Reminds me a bit of Apple – cd replace floppy disk, software over internet not disks, no earphone jack on phones, etc.. Not all winners but changes that sooner than later competitors copy.

  14. Kit Gerhart Says:

    11 Higher interest rates make people buy less stuff, reducing high demand which runs up prices.

  15. Kit Gerhart Says:

    13 I’ll search around and see what I can find about advantages of 48v for “accessories” in an EV. Higher voltage has obvious benefits for car with ICEs to crank, and it makes sense for mild hybrids, but I’m missing something to see the point for a BEV.

  16. Kit Gerhart Says:

    13 Apple was also a leader in making phone batteries very hard to replace. It’s good for packaging, though, to get a bigger battery in the same size device.

  17. Albemarle Says:

    Raising interest rates slow the purchasing of goods and services. Things are more expensive. People feel poorer. The economy slows, there’s not the same pressure for wage hikes, manufacturers want to sell products and their costs have stopped rising so quickly so they lower prices and things become more affordable or rather the prices don’t continue to increase at a rapid rate.

  18. Lambo2015 Says:

    14, 17 Okay that makes sense. Raise interest so people spend less lowering demand and hence lowering prices. I just figured the higher prices had to be lowering demand already. But this will certainly slow the sales on big ticket items that are financed like cars and homes. I just dont see it doing much for helping the cost of our everyday items like groceries, gas and utilities.

  19. rick Says:

    7 to me theres not a V8 on the planet makes sense in 2023 or beyond. when you can do the same with turbo charged 4,5,6 cylinder engines. for pretty much any car a turbo charged 3 cylinder will do. just look at the 1.5L 3 cylinder in the 2023 nissan rogue for example.

  20. Kit Gerhart Says:

    Maybe the point of 48v for a BEV, is so they can use 20 gauge wire for window motors, HVAC fans, etc. rather than 14 gauge, or whatever has been used.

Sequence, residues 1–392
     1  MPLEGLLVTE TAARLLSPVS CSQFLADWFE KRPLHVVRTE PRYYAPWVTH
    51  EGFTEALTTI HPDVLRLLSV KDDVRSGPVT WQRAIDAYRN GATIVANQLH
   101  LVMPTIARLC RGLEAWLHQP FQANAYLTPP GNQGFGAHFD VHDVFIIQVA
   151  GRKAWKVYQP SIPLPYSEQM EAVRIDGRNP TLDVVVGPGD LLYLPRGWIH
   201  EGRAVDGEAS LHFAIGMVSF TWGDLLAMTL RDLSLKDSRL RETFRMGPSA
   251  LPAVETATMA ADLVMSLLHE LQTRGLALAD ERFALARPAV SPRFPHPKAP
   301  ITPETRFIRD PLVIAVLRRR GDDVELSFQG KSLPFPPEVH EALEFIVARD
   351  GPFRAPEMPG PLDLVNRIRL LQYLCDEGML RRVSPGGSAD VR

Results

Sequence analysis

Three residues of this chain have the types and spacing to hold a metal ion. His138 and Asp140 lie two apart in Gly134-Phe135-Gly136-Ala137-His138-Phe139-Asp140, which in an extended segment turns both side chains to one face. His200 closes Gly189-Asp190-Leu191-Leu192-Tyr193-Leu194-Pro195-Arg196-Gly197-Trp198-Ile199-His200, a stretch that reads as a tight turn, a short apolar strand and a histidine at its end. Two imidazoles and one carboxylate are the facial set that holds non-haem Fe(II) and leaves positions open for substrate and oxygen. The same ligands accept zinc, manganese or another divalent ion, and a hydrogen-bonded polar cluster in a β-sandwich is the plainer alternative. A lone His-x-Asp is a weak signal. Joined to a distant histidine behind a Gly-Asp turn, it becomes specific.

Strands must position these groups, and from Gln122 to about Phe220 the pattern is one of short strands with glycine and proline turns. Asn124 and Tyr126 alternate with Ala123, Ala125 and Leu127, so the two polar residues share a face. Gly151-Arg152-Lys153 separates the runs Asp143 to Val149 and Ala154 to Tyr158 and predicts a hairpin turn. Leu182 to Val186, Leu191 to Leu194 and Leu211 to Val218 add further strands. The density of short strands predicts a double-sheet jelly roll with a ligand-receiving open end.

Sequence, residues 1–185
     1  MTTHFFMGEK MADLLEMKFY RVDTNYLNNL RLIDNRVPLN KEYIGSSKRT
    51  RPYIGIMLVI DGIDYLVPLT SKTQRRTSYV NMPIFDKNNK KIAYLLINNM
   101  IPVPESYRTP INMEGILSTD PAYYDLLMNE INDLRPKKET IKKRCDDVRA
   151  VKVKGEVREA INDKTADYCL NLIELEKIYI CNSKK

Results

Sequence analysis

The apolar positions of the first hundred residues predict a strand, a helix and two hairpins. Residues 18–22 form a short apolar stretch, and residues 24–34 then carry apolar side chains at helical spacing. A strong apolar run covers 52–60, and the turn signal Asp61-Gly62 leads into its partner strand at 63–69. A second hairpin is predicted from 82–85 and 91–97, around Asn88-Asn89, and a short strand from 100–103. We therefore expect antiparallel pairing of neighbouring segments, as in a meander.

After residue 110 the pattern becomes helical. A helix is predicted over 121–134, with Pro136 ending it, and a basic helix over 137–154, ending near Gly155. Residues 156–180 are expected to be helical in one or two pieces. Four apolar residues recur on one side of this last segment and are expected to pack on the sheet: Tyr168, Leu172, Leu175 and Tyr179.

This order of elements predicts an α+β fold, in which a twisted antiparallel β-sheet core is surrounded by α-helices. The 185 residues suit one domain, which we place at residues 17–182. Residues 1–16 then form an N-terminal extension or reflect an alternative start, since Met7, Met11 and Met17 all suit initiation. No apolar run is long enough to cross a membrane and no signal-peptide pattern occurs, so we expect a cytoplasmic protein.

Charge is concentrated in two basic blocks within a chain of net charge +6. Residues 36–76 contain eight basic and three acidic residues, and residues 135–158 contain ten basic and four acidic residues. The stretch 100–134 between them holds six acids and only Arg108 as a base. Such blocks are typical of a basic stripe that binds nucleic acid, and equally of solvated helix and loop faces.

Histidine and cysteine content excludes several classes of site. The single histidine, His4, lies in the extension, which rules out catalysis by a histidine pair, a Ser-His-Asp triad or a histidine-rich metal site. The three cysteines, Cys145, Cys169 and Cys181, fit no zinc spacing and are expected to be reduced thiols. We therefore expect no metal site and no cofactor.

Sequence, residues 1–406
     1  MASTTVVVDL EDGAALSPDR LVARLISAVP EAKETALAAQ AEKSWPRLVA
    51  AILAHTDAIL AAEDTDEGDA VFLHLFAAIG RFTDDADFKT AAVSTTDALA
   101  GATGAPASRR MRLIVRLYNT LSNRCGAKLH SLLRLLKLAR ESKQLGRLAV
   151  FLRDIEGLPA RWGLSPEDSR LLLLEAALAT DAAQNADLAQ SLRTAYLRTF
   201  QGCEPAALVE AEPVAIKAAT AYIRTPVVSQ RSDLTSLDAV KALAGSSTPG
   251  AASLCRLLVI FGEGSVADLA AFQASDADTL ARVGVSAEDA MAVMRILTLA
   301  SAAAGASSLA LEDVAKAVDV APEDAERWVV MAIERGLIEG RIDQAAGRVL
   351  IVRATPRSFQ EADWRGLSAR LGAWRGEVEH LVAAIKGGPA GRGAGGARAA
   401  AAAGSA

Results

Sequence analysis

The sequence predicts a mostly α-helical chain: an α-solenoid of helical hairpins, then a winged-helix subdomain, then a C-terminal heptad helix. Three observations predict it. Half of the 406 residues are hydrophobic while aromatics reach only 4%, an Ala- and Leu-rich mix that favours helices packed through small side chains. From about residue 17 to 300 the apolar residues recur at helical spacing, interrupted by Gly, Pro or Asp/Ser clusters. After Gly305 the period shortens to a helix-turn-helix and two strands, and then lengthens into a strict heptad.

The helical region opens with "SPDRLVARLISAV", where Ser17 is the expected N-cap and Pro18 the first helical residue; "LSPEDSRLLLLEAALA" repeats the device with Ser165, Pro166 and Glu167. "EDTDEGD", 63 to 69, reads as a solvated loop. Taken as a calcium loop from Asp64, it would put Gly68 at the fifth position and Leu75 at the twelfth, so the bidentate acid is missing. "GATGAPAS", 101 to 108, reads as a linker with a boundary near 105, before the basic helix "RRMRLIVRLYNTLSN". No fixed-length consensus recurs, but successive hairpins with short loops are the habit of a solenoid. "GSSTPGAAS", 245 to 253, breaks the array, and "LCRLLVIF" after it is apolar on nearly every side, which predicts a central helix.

21. rick Says:

    im sure the H.O. inline 6 from stellantis would be plenty enough power for the ram trx.

  22. Wim van Acker Says:

    @18 Interesting question you wrote: ” I just dont see it doing much for helping the cost of our everyday items like groceries, gas and utilities.” I would love to see the replies, too.

  23. XA351GT Says:

    @ #12 Most LEDs run at 2-3 Volts so they’d have to step them down even further if they were 48V . What are the advantages of the higher volt system? Most auto instruments need to be stepped down from 12 V . So what is the upside of this change.? Seems like change for change’s sake. If isn’t broke don’t fix it.

  24. Kit Gerhart Says:

    23 Years, or decades ago there was talk of going to 48v so they could save copper, using maybe 14 gauge battery cable instead of the usual 6 gauge. Maybe they decided then that 24 cell batteries were not such a great idea, for manufacturing cost and reliability, and it wouldn’t make sense to need to regulate down to lower voltage for radios, etc. I remember when cars went from 6 to 12 volts and there was concern that the 12 volt headlights and other bulbs wouldn’t take the vibration as well as 6 volt bulbs with thicker filaments, but that didn’t turn out to be a big problem.

    Maybe John and Gary can have someone from Tesla on AAH to explain reasons to use 48v for BEVs. It must be more than to save a little copper on the wiring for fan, window, and seat motors.

  25. Lambo2015 Says:

    24 Not sure if you just read the transcript or watched the video but the clip from AAH Pete Banon and David Lau discussed the advantages to going to 48V for even an EV.
    Basically, the vehicles have so many electronics now with all the sensors, cameras and options that the increase to 48V reduces current by a factor of 4 and factor of 16 for a reduction in loss current from wire resistance. So, it’s all an effort to get as much power as possible out of the batteries I’d say.

  26. ChuckGrenci Says:

    15,20, You got it right. Ohm’s law, with higher voltage you can run lower current, which you can run smaller gauge wire for the same power (wattage). Still, I question the need for 48 volt architecture in an EV because the high voltage that run the motors and controllers are still going to need a heavy gauge wire to supply the power. Peripherals will be less, noting your starting battery reference, where supporting electronics shouldn’t need a 48 volt power base.

  27. Kit Gerhart Says:

    25 Apparently regulating 48 volts down to what is actually needed for individual sensors, etc. is almost free. I just read the transcript. It looks like I need to watch the video.